John MacArthur in his book Rediscovering Pastoral Ministry covers the whole gambit addressing the calling of God, prayer, personal priorities, worship, study, preaching, outreach, discipleship, training, ordination and a host of other essential responsibilities in Pastoral ministry. MacArthur explains the importance of having accountability relationships: first to God; then to one’s home environment—wife and children; third, to co-laborers and friends; fourth to the pulpit, using the discipline o John MacArthur in his book Rediscovering Pastoral Ministry covers the whole gambit addressing the calling of God, prayer, personal priorities, worship, study, preaching, outreach, discipleship, training, ordination and a host of other essential responsibilities in Pastoral ministry. MacArthur explains the importance of having accountability relationships: first to God; then to one’s home environment—wife and children; third, to co-laborers and friends; fourth to the pulpit, using the discipline of study as a corrective force in one’s life; and fifthly, godly, devout men from other churches. MacΑrthur explains that the Lord’s Supper is an anticipatory celebration of the Lord’s imminent return (p. 356). I will certainly bring this out next time I am asked to lead a communion service. I appreciate Montoya’s explanation on the important role of Leadership in the life and mission of the church (p. 281); and it is sobering to think that the Pastor is the one who is called to provide ultimate leadership for the church irrespective of church polity (p. 282). It was good to be reminded that leadership in the church is different from leadership in the world (p. 287). This is particularly important for me remember, having worked in the corporate world for several years. Contrary to the corporate world, one doesn’t measure success in ministry based on the results but on faithfulness (p. 287 cf. 1 Cor 4:2). Following our Savior, the Pastor is to exercise servant leadership. The seven leadership qualities are particularly helpful for personal evaluation and striving: decision-making, self-discipline, communication, skills, amenable, inspirational, lead (p. 290–296). This is an excellent resource for Pastors—one that needs to be read often.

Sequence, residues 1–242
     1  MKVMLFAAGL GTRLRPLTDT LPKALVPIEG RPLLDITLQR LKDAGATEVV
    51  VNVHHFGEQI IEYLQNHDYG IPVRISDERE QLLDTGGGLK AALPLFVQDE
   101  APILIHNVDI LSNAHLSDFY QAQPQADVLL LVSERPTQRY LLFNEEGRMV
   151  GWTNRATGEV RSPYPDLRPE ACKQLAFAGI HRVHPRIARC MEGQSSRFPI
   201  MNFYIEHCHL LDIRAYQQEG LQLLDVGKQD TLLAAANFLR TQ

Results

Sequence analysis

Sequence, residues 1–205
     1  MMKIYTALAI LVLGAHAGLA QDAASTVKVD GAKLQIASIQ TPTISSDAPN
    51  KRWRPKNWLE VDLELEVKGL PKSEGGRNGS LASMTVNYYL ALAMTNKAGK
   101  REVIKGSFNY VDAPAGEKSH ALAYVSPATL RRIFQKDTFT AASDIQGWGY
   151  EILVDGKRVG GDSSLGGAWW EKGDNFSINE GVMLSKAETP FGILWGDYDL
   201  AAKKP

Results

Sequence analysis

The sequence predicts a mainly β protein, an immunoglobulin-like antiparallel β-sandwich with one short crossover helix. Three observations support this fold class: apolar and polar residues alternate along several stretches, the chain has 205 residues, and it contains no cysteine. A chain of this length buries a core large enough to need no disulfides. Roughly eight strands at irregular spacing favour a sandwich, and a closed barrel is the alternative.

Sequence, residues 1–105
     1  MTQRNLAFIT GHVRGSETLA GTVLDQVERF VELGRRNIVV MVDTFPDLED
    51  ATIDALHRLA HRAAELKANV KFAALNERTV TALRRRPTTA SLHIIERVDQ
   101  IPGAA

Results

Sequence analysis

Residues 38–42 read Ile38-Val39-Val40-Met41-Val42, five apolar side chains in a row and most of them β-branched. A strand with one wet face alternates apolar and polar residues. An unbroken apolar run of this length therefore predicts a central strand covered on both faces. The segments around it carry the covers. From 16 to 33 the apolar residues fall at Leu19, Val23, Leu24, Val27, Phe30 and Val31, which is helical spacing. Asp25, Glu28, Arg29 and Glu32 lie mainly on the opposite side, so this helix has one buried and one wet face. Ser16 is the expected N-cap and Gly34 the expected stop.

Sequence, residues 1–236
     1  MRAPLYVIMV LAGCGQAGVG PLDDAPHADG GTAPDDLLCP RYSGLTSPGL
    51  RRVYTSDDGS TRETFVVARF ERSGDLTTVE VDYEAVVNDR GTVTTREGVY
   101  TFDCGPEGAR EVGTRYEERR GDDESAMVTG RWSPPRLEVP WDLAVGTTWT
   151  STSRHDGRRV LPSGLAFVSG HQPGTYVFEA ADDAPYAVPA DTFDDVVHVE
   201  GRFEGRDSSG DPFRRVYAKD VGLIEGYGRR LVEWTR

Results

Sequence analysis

3. 4 out of 5

    Michael Pagan